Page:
There are just under three weeks left before the United Kingdom is due to officially leave the European Union on March 29. Depending on your point of view, none of the permutations are particularly palatable.
So what can we expect in Parliament this week?
March 12: Tuesday
Prime Minister Theresa May made a last-minute trip to Strasbourg for a meeting with EU leaders and returned, claiming she had "secured legal changes," to the divorce deal in the form of three documents: a joint instrument, a joint statement and a unilateral declaration, addressing the issue of the Irish backstop. European Commission President Jean-Claude Juncker warned "It is this deal or Brexit might not happen at all."
May then consulted with the head of Northern Ireland's DUP party which props up her government, and the European Research Group (ERG) of hard-line Brexiteers in her own party.
A statement from the Attorney General on the legal force of the new assurances was to be made in the morning, ahead of a second meaningful vote on the deal. May suffered a heavy defeat in the first vote in January with MPs siding 432 to 202 against her plan for a smooth Brexit and the 21-month transition period to negotiate a free trade agreement.
If her revised deal passes, MPs would then get down to the nitty-gritty of the required legislation to implement it.
March 13: Wednesday
However, if the Commons rejects the proposal again, the prime minister has promised to table a second motion for debate and a vote on the UK leaving the EU without a deal. In this scenario, there would be no transition period, and consumers, business and public institutions would need to cope immediately with post-Brexit changes. The issue of the border between Northern Ireland and the Republic, a key bone of contention, would remain unresolved. The border would become an external frontier for the EU with the likelihood of customs and immigration controls.
March 14: Thursday
If that scenario is also voted down, May's third prong of her pledge would be to introduce a motion to seek a short extension of the two-year negotiating period specified in Article 50 (the legal and political process of withdrawing from the EU). If the Commons approves this motion, the prime minister would then ask the European Council for an extension until no later than the end of June 2019. A longer extension would raise questions about the UK's participation (or not) in the European Parliamentary elections in May, as the new group of MEPs are due to sit in early July.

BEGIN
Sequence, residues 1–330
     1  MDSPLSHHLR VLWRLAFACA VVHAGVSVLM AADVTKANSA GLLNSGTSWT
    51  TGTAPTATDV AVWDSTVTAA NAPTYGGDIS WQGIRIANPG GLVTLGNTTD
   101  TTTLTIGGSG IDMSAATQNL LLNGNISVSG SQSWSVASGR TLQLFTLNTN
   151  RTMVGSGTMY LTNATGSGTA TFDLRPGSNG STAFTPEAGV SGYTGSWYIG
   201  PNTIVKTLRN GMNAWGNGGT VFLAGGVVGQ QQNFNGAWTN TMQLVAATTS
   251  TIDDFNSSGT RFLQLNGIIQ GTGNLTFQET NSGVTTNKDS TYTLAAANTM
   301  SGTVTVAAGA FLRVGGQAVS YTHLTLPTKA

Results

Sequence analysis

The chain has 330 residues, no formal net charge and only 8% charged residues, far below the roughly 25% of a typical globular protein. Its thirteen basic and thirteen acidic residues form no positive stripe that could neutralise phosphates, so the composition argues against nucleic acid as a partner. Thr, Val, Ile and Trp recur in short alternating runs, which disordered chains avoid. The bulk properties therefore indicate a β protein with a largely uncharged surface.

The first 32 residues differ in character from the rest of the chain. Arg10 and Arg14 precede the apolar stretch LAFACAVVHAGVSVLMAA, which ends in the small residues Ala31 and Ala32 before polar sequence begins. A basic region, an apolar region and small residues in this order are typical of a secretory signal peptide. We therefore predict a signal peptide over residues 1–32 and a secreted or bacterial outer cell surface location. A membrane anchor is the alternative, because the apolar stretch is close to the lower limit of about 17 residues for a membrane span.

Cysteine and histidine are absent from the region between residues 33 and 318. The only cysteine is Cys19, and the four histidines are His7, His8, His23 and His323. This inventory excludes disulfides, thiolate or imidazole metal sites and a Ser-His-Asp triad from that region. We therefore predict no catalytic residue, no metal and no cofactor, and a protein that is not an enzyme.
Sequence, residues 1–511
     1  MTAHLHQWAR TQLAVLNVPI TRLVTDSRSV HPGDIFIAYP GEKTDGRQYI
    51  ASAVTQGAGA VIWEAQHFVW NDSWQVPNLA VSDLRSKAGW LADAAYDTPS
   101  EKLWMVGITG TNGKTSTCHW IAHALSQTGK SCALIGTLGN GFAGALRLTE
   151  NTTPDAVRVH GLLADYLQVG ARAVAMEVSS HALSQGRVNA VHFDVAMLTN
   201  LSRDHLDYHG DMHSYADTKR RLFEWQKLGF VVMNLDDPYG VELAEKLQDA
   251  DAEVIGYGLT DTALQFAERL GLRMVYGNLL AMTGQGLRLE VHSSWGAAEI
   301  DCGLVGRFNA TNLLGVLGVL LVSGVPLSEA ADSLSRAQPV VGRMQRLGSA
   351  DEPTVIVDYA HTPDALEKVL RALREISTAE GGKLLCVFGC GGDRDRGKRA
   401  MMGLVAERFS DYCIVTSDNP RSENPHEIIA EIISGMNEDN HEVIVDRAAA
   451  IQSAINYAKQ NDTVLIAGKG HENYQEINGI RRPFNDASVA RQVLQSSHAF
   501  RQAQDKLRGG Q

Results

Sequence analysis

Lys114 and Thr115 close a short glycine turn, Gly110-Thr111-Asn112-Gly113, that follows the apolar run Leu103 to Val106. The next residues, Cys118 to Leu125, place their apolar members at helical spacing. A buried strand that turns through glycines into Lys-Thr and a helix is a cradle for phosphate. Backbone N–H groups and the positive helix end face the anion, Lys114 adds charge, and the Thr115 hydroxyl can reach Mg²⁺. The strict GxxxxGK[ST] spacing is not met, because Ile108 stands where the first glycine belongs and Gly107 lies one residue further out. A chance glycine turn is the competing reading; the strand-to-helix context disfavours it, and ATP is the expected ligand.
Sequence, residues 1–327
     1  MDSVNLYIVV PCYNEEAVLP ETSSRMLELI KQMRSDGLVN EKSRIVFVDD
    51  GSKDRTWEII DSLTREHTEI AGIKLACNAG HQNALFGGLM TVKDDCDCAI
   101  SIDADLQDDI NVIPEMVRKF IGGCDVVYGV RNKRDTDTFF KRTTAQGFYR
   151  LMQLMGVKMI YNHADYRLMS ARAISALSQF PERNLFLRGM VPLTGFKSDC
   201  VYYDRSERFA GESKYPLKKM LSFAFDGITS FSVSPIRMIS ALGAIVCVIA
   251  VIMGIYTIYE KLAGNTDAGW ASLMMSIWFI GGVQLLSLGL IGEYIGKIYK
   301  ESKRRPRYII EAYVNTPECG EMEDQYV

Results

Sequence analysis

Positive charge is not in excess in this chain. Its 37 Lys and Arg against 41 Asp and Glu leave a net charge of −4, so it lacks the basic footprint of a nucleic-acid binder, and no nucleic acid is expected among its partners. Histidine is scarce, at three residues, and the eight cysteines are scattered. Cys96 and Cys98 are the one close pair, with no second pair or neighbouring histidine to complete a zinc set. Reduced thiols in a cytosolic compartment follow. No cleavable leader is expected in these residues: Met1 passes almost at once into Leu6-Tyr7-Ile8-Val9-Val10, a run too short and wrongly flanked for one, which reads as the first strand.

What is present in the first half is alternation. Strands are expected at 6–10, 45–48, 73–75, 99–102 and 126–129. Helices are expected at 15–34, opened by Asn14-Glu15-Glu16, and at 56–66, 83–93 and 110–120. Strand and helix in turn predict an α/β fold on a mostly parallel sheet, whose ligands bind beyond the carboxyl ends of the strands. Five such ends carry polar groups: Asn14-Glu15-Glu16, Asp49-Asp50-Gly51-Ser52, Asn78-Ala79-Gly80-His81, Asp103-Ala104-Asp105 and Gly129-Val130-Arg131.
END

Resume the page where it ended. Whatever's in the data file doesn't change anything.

EU leaders convene for a summit where they may thrash out a last-minute deal or agree to extend Article 50 to avoid a no-deal disruption.
If a deal can be clinched, the UK Parliament could vote on it, possibly on March 26. The European Parliament could then ratify it in that week.
The government could opt to substantially negotiate a new deal, which could not be done overnight. One such scenario is the so-called Norway model, which would involve the UK becoming a member of the European Free Trade Association and the European Economic Area. Norway is a member of both, along with Liechtenstein and Iceland. As a member of both bodies, the UK would retain full access to the single market, thus allowing barrier-free trade with the EU and single market access for services, which account for around 80 percent of the UK economy.
A second referendum
The elephant in the room. Technically, there are two options. One would be to hold another legally nonbinding and advisory referendum like the one in 2016, for which the question would have to be determined. The other is a binding referendum, the result of which would automatically take effect. In this instance, the question on the ballot paper — on a deal or to remain in the EU — is set out in the legislation. But even if it were to pass, the referendum couldn't happen immediately. Instead, there would have to be a statutory referendum period before the vote. Most experts say the minimum time required to hold a second vote is around five months.
Theresa May could decide she's had enough and call an early election as a way to end the deadlock. Having said that, she can't simply call it. As in 2017, she would have to ask MPs to vote for an early election under the Fixed-term Parliaments Act, which determines that elections are only supposed to happen every five years, and it would require a two-thirds majority.
Another no-confidence vote
The opposition Labour Party could table such a motion at any time. If a majority of MPs back the motion, it triggers a 14-day countdown. If during that time the government cannot win a confidence vote, an early election is called.
The European Court of Justice has ruled that the UK can legally and unilaterally revoke Article 50 and cancel Brexit. Given the current government's pro-Brexit stance, it's unlikely this would happen without a further referendum or a change of government.